Joe: So, this is the "chicken of the woods?" In terms of texture, it's one of the most meat-like mushrooms I've ever tasted, but that's not saying a lot, because I avoid eating mushrooms like most people avoid eating fungus.
The frying gave it a crispy chicken skin-like texture that made it easier to enjoy. Still, I drenched every bite in the gravy, which helped cover up the earthy mushroom flavor. I loved the vegan potatoes, too. I would serve those alongside bourbon and brown sugar marinated tri-tip steaks.

Dessert: Sweet eggs Benedict

An absolute marvel in terms of presentation. Served on a small pastry with a red chocolate, the "egg" is actually made with a sweetened coconut milk and blended mangoes. Not only does it look like it should, the "yolk" actually runs when you cut into it.
Scott: This is fabulous. I know a lot of work probably went into the presentation, but this should be a permanent menu item.
Joe: What a perfect dessert. From the mango yolk to the icing drizzled across the plates, these looked as good as they tasted.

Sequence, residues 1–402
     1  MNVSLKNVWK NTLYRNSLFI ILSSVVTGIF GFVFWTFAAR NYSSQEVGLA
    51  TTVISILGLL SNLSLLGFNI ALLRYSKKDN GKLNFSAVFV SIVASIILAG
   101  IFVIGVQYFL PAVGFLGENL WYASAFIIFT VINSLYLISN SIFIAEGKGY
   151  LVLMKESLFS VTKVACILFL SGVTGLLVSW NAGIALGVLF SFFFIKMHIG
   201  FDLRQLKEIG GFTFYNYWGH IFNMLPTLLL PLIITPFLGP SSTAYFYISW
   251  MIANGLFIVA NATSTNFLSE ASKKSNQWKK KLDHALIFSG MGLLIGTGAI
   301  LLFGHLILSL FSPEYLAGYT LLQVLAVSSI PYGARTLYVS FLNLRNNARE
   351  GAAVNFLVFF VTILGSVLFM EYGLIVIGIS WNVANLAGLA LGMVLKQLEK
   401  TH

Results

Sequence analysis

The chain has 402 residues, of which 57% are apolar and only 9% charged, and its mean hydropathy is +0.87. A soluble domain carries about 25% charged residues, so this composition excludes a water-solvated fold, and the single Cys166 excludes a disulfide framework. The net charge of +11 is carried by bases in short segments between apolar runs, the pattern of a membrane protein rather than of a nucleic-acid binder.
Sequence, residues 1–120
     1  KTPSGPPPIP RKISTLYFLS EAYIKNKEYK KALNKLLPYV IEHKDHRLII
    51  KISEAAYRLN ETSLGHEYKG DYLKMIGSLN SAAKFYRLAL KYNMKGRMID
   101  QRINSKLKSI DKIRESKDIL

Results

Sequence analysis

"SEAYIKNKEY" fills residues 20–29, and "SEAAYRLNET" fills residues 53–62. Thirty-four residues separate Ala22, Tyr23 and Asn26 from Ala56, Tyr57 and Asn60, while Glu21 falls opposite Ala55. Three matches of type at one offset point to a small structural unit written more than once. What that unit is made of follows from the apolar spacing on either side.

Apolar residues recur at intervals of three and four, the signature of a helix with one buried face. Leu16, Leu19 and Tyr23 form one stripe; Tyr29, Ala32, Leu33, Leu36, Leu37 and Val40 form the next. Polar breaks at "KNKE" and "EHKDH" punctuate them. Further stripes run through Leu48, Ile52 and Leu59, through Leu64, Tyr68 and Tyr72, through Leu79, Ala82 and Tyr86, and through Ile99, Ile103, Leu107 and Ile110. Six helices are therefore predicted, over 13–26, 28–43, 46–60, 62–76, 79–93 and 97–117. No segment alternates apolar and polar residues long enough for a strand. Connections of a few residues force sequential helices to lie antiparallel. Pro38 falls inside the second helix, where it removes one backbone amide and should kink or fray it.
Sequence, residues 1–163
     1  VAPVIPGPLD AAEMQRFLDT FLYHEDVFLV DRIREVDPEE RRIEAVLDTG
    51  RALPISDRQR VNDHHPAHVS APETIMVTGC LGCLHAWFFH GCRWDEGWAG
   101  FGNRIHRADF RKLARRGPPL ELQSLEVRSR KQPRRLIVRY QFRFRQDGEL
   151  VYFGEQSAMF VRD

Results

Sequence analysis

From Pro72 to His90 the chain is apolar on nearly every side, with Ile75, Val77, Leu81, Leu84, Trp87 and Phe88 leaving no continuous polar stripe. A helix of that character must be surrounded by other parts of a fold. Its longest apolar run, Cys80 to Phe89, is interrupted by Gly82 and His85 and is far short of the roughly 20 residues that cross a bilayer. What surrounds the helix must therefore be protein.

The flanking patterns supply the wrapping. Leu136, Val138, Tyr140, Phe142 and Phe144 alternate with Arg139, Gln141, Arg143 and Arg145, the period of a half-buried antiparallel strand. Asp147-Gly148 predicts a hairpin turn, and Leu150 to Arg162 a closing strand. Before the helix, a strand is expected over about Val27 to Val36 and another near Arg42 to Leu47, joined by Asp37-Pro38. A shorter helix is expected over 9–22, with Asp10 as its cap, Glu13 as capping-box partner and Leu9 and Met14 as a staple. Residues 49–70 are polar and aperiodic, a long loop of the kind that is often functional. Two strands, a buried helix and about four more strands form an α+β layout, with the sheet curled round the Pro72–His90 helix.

Scott: Again, a perfect pairing with the beer. The Foggy Notion has a sweet aftertaste that goes well with the dish.
Joe: I wasn't so high on the beer here. I didn't get that sweet aftertaste -- the overpowering brandy aroma and flavor washed away all the yummy mango too quickly.

Final thoughts

Scott: The absence of meat didn't bother me a bit. While I'm not a vegan, my recent push to try and find healthier alternatives dovetailed nicely with this menu. The portion sizes were perfect. After seven courses, I expected to be feeling stuffed, but this was exactly the right amount of food.
Joe: Did this convert me to a vegan diet? Not even close. But that wasn't Jason's mission with this dinner. I had reservations about this dinner because vegan entrees use a lot of beans and mushrooms, two foods I detest. But I trust Jason, and he didn't disappoint me. I cleaned my plate after every course.